What to Do at West Point: Spend 24 Hours in the Historic Town
The former Revolutionary War fortress is now a happening historic destination with great food to boot.
West Point's Battle Monument at Trophy Point on a spring afternoon, 2009
Wikimedia Commons / Ahodges7
Few towns in the Hudson Valley pack as much of a historic punch as West Point does. Back in the days of the Revolutionary War, the fortress was a critical stronghold in Washington’s defense against the British. Perhaps most notably, it served as the western point from which a massive, 75-ton chain stretched to prevent English troops from sailing further along the Hudson. After the war, West Point opened its doors as the site of the United States Military Academy in 1802. Since then, the Highland Falls microcosm has operated as the oldest continuously occupied military post in America.
While the West Point of the present day is a bustling hub for cadets and military leaders, it’s also a must-visit destination for history buffs and Hudson Valley visitors. Read on for a day trip guide to the storied region, then hop in the car for an impromptu blast to the past.
9 a.m. – Treat yourself to comfort food classics at Andy’s Restaurant
With so much moving and shaking going on at West Point, cadets (and visitors) require grade-A fuel to get it all done. Andy’s, which sits just down the road from the school, delivers with hearty breakfasts, lunches, and dinners that are just as plentiful on portion as they are on flavor. Early in the day, opt for one of the massive omelets to get you going. The Black Knight Omelet, an ode to West Point’s mascot, is a three-egg, sausage, bacon, ham, onion, pepper, and cheese concoction that should fuel you until lunch. Did we mention it comes with home fries, toast, and coffee on the side?
281 Main St, Highland Falls
10:30 a.m. – Explore local history at the West Point Museum
As you continue to pine for Hamilton tickets, find a temporary historic fix at the West Point Museum. Located on the academy campus, the museum is a hotbed for U.S. military artifacts and documents. Take a whirl through the past as you explore detailed exhibits and brush up on your knowledge of the past exploits and endeavors of the nation’s servicemen and women.
2110 New South Post Rd, West Point
12 p.m. – Dig into a sumptuous sammie at Thayer Gate Deli and Cafe
Just outside the Thayer Gate (hence the name), this local deli and café is a must for easy lunch fare that delivers on flavor, convenience, and price. As for what to order, stick to classics like the corned beef Reuben sandwich, which oozes Swiss cheese and sauerkraut, or the Philly cheese steak sandwich, which layers lean prime rib slices with onions, peppers, and American cheese on one lucky roll.
1:30 p.m. – Take a self-guided tour around campus
West Point is a military academy, but it’s also an open-air museum. Thanks to its 18th century significance in American history, the site is now a hotbed for local history. After you wrap up with lunch, return to campus to see where the “Great Chain” ran across the Hudson, how Fort Putnam held up since the war, and what the South Battery and Sherburnes Redoubt landmarks look like up close. If you’d rather listen to a pro explain each location’s significance, stop by the West Point Visitors Center to find out when the next tour runs.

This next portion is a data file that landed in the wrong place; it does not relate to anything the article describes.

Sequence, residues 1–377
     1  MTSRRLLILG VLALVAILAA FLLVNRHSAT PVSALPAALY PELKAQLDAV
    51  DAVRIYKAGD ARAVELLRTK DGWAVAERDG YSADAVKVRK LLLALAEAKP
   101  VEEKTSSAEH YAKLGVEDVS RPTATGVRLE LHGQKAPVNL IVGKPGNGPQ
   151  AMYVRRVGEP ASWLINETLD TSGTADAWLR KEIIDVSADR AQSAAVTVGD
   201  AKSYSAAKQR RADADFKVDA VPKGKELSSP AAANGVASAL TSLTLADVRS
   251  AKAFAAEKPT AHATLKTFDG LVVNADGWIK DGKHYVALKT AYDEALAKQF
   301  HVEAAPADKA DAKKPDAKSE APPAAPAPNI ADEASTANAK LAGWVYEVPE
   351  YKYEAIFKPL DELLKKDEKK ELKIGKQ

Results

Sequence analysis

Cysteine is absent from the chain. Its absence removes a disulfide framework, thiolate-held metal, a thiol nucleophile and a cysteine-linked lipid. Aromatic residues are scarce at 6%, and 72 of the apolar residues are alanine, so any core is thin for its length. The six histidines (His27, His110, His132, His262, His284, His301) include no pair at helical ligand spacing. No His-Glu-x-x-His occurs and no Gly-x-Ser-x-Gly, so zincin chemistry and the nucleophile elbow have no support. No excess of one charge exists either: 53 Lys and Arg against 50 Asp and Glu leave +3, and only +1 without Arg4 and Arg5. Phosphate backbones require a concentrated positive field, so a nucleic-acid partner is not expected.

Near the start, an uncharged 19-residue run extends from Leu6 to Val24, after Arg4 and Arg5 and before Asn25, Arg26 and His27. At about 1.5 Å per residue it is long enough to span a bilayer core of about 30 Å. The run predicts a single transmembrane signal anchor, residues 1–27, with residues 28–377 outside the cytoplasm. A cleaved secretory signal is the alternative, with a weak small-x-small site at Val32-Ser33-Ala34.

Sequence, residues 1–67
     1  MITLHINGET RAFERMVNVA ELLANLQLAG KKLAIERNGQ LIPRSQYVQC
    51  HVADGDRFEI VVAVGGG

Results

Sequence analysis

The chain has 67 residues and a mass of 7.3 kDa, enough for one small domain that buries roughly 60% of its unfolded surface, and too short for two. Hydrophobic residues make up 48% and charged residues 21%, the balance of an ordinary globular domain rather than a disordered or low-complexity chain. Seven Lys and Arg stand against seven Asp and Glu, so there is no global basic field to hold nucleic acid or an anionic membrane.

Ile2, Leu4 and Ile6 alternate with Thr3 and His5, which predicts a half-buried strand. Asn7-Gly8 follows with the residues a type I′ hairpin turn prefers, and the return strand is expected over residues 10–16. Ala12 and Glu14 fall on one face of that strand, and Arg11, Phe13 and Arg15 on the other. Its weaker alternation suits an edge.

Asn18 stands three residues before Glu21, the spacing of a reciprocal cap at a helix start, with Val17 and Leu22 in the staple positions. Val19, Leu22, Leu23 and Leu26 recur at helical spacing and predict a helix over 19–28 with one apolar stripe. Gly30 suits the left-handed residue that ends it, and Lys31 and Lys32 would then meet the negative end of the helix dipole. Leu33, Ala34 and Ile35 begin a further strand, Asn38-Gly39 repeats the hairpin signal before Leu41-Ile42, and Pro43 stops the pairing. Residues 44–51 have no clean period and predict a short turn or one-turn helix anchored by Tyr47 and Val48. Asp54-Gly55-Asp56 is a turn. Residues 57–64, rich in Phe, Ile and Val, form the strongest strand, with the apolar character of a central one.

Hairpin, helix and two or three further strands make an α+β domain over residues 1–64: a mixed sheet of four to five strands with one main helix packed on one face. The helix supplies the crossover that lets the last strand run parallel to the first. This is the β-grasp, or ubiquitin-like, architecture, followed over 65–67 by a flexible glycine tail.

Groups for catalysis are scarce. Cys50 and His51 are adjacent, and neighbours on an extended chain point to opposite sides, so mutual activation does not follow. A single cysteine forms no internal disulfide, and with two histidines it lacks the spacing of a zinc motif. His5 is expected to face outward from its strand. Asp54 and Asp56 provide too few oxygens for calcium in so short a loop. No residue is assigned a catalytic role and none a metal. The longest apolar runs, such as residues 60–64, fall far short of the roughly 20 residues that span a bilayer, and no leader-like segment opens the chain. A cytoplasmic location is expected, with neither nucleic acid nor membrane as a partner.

4:30 p.m. – Savor sky-high sips at Zulu Time Rooftop Lounge
When crisscrossing campus gets the best of you, kick back before dinner at The Thayer Hotel’s rooftop bar and lounge. Zulu Time, named after a military term that refers to the universal Greenwich Mean Time, is open seasonally based on the weather, so check the website or call ahead if you plan to go for a drink. As for what to sip, try something from the ever-rotating lineup of cocktail specials or sip whichever wine the bartender recommends. Rumchata martinis in autumn and blackberry manhattans in summer, anyone?
The Thayer Hotel, 674 Thayer Rd, West Point
6 p.m. – Wine and dine at MacArthur’s Riverview Restaurant
By the time dinner rolls around, skip the hassle of packing everyone into the car and stay onsite for a feast at MacArthur’s. The white tablecloth eatery is a dream for anniversaries and special occasions, so keep the ambiance in mind when planning your outfit (i.e. no jeans). Once you’re seated, begin the meal with appetizers like spicy Maryland crab cakes and lacinato kale salad, then get ready to dig into Bordeaux braised boneless short ribs or pan-seared day boat scallops for the main meal. Whatever you do, don’t pass up on dessert. The Hudson Valley apple tart, made with local apples, and the oversized chocolate chip cookie, served warm with powdered sugar and vanilla mascarpone, are not to be missed.
The Thayer Hotel, 674 Thayer Rd, West Point
7:30 p.m. – See a show at Eisenhower Hall
Eisenhower Hall Theatre might not be on Broadway, but you’d never know it when the lights dim and the curtains open for the evening. Eisenhower, endearingly dubbed Ike Hall, regularly welcomes an impressive, varied slew of talent, from a capella harmonizers and modern dance masters to large-scale ballets and top-tier musicals. Keep an eye out online for new act announcements, then pick up tickets for a much cheaper price than a Big Apple spectacle would ever allow.
655 Pitcher Rd, West Point
9 p.m. – Sleep better than a president at The Historic Thayer Hotel
Thanks to an endless stream of familial visitors and upstate weekenders, the Thayer Hotel has luxury overnights down pat. With 151 guestrooms and suites, the hotel can accommodate a variety of party sizes and price points. Rates begin at $100/night, with rooms ranging from deluxe and premium guest to executive junior, super, presidential, and bridal suites. If you visit on Sunday morning, do yourself a favor and hit MacArthur’s Champagne brunch before you leave. The spread is divine, as are the bottomless champagne, mimosa, and Bloody Mary offerings.
674 Thayer Rd, West Point